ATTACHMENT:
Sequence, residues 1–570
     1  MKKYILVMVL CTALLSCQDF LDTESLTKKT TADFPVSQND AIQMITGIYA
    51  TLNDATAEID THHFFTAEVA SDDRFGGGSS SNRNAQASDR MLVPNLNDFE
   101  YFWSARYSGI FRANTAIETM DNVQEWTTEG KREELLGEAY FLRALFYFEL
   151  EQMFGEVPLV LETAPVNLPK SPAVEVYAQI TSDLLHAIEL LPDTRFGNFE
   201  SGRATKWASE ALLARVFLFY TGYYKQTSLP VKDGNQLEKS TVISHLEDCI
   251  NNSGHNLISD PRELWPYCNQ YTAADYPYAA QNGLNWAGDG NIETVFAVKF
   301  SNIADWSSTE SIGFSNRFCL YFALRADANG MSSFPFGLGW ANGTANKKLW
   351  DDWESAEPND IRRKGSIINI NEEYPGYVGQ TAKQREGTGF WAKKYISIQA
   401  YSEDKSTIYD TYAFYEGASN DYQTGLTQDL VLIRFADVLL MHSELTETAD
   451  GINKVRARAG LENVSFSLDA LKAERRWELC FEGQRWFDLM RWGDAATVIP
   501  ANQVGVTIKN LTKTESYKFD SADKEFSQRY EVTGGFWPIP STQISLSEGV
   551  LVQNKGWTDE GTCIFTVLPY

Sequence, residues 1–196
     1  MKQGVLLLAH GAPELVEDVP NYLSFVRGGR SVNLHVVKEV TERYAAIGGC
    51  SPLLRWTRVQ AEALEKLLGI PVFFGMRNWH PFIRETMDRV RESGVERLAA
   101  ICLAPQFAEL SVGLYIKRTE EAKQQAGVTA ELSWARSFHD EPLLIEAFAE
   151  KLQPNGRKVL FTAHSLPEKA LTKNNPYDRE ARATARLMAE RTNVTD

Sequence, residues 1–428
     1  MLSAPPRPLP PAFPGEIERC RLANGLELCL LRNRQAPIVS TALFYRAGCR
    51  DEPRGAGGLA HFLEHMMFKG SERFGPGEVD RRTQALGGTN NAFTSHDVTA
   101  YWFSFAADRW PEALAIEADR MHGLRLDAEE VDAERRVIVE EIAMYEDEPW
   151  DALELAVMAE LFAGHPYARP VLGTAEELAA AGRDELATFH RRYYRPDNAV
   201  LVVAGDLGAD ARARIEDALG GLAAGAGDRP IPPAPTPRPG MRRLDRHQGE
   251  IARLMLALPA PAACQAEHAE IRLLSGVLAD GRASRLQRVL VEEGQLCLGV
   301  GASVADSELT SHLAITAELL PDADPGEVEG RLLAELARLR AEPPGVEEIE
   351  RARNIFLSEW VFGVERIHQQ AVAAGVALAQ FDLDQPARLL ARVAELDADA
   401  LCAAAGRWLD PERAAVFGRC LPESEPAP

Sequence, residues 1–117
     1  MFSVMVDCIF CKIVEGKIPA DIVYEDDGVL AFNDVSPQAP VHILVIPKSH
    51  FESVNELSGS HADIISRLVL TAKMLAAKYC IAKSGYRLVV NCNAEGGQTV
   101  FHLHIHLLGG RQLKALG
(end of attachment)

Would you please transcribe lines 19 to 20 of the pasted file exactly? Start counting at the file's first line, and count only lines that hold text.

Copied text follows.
Sequence, residues 1–428
     1  MLSAPPRPLP PAFPGEIERC RLANGLELCL LRNRQAPIVS TALFYRAGCR